THIS is how you lose $10 billion


Chris recently joined Francis Hunt on his Market Sniper podcast to talk about how to navigate the current macro environment with your capital (while also preserving your sanity). To whet your appetite, here’s a few topics discussed:

  • Why we are relying so heavily on Maslow’s hierarchy of needs (with a small tweak, as Chris explains in the conversation) to guide our investment decisions here at Capitalist Exploits HQ
  • Doo-Bye: a boots-on-the-ground perspective from Dubai. Why is money from all corners of the Western hemisphere pouring there… and why it will continue to do so (and at an accelerated pace)
  • The one asset we’re not touching with a barge pole right now (and you probably shouldn’t either!)
  • And a whole lot more.

Pour yourself a cup of Joe this weekend and tune in here.


It’s been a while since we last checked in on the “growth” narrative and its poster child — Cathie Wood.

The Financial Times has an update for us. Before reading, you might want to grab a stiff drink and sit down:

Cathie Wood’s Ark Investment Management has earned more than $300mn in fees on its flagship exchange traded fund since its inception nine years ago, while wiping out almost $10bn of investors’ cash in the same period.

Investors have continued to plough money into the Ark Disruptive Innovation ETF, known by its ticker ARKK, over the past two years even though it has been badly burnt by the downturn in technology stocks.

Ark has earned more than 70 per cent of its $310mn fees since the fund’s valuation plummeted by nearly three quarters from its high in February 2021, according to FactSet data. This year it has brought in an average of roughly $230,000 in fees a day as ARKK’s value recovered slightly, rising by a quarter.

Oy vey! While “crazy Cathie” incinerated $10bn (and pocketed a cool $310m in the process), investors kept giving her more.

But also…

Cathie made the exact same mistakes investors made en-masse during the dot-com bubble. Technology can, will, and has changed society. But it doesn’t change the laws of economics.

This reality is apparent in her returns, but the most perplexing thing about it all is that it looks like her investors didn’t mind getting taken for a ride.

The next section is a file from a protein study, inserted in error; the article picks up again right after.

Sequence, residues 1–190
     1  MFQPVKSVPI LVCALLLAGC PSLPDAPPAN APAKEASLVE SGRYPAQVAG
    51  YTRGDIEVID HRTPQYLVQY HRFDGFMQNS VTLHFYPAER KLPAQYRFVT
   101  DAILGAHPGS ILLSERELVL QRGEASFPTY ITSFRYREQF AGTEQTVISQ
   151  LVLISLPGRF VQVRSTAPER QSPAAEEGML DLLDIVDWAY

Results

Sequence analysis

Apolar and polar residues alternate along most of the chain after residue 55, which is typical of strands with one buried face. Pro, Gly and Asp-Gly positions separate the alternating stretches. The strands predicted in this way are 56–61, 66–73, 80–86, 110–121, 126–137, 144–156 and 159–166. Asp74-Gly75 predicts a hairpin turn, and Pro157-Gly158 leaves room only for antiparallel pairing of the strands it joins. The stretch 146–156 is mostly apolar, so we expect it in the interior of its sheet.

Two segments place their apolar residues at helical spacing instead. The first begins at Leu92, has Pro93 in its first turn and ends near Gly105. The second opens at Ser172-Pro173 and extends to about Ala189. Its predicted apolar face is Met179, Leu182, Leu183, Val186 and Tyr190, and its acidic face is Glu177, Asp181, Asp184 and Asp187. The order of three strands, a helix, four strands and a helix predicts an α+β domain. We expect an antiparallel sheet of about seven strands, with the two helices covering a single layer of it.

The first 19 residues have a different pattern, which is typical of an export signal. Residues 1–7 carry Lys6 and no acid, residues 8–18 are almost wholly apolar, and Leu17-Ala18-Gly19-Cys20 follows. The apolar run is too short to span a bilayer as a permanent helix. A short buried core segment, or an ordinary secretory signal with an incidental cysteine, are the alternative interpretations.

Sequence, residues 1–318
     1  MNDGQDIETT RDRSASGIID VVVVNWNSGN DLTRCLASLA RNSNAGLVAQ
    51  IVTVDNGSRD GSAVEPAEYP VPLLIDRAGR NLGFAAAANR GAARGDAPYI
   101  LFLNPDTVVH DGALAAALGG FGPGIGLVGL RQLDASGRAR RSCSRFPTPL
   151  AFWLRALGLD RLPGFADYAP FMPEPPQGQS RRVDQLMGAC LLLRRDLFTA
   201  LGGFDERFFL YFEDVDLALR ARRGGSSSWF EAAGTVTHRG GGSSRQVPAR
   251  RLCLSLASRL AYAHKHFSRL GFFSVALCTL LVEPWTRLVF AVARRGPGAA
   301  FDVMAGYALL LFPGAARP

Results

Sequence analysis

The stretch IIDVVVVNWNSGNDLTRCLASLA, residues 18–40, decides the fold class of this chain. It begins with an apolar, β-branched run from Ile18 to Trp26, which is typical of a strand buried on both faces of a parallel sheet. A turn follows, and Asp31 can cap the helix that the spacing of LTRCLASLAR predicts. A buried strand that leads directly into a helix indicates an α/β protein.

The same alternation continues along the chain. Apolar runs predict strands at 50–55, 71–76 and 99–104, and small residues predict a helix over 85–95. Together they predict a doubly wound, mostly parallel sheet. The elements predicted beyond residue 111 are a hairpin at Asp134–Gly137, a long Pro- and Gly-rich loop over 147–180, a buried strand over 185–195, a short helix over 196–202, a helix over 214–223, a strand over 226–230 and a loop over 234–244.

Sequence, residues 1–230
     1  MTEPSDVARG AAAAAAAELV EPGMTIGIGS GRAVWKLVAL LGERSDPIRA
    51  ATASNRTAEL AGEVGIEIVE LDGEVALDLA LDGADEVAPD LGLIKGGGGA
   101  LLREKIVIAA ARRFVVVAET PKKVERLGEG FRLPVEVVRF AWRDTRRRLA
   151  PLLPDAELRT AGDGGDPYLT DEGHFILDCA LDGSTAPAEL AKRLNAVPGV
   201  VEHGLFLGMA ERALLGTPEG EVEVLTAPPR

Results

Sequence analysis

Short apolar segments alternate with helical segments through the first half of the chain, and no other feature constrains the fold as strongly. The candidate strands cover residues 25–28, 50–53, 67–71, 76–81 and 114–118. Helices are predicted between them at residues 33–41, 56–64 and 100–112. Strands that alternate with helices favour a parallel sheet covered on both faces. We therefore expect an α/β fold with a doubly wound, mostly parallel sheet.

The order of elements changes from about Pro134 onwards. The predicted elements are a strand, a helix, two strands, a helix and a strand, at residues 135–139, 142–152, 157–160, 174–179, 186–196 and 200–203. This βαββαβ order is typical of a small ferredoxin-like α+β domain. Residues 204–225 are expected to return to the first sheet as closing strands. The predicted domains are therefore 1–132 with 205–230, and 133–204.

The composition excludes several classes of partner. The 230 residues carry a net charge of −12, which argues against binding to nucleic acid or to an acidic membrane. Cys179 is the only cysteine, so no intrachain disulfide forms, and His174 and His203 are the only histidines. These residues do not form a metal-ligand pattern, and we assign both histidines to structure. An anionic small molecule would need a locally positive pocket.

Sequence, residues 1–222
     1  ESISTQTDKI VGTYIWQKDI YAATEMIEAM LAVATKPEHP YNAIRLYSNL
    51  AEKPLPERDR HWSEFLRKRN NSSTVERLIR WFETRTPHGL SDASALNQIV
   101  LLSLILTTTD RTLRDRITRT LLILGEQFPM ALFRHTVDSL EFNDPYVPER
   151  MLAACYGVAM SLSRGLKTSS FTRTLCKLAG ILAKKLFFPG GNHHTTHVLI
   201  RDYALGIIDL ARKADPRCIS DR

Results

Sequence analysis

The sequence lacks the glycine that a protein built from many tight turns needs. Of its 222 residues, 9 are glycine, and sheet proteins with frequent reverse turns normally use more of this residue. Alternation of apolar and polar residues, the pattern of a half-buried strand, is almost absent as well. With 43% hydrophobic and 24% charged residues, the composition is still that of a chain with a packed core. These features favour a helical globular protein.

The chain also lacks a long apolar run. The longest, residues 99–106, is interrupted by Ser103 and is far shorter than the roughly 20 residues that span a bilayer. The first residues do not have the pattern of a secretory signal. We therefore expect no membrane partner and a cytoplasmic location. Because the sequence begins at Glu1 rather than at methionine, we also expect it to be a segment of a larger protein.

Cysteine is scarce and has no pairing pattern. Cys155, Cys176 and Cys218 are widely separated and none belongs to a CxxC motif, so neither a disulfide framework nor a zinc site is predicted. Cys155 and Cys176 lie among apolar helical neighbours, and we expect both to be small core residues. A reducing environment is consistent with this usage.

Feels like a lifetime ago, when — back in February 2020 — we started warning that lockdowns will bring about inflation and shortages. Fast forward to today, and this pesky stuff is now part of our daily lives. We recently set up a dedicated inflation channel in our Insider private forum, where members can share their own experiences with all things “transitory”.

Out in the real world, inflationary signs keep stacking up. Labor markets in different corners of the world appear to keep tightening. Member Rose shared this anecdote out of New Zealand:

This afternoon i tried to book a rental car in Dunedin, NZ, online for my husband when he will be flying there in a couple of weeks and working in the area. I always use the same rental car company as it has served us very well over the years. The minimum time i could book it for was 10 days, the online menu said. Hubby rang the company direct and talked to them as he knows them well. The reason it says minimum 10 days hire is that they can’t get staff and so are managing the place with only 2 of them. A minimum hire time of 10 days is how they can manage their workload.

And just as we were writing this, this headline came across our screens:

What a time to be alive!


Warren Buffett is out with a new shareholder letter. In it, Buffett talks — among other things — about his proverbial secret sauce:

In 58 years of Berkshire management, most of my capital-allocation decisions have been no better than so-so. In some cases, also, bad moves by me have been rescued by very large doses of luck. (Remember our escapes from near-disasters at USAir and Salomon? I certainly do.) Our satisfactory results have been the product of about a dozen truly good decisions – that would be about one every five years – and a sometimes-forgotten advantage that favors long-term investors such as Berkshire. Let’s take a peek behind the curtain. In August 1994 – yes, 1994 – Berkshire completed its seven-year purchase of the 400 million shares of Coca-Cola we now own. The total cost was $1.3 billion – then a very meaningful sum at Berkshire. The cash dividend we received from Coke in 1994 was $75 million. By 2022, the dividend had increased to $704 million… American Express is much the same story… The lesson for investors: The weeds wither away in significance as the flowers bloom. Over time, it takes just a few winners to work wonders. And, yes, it helps to start early and live into your 90s as well.

It echoes the approach we favor here at Capitalist Exploits HQ (and in the Insider portfolio). Namely, allocate a tiny fraction of your capital in any position with the aim of achieving at least 300% returns.

Now, does it always work out this way? No. We wish it did. But it ensures winners pay for any losers (and then some). And we go in ready to hold for many months, if not years.


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Have a great weekend!


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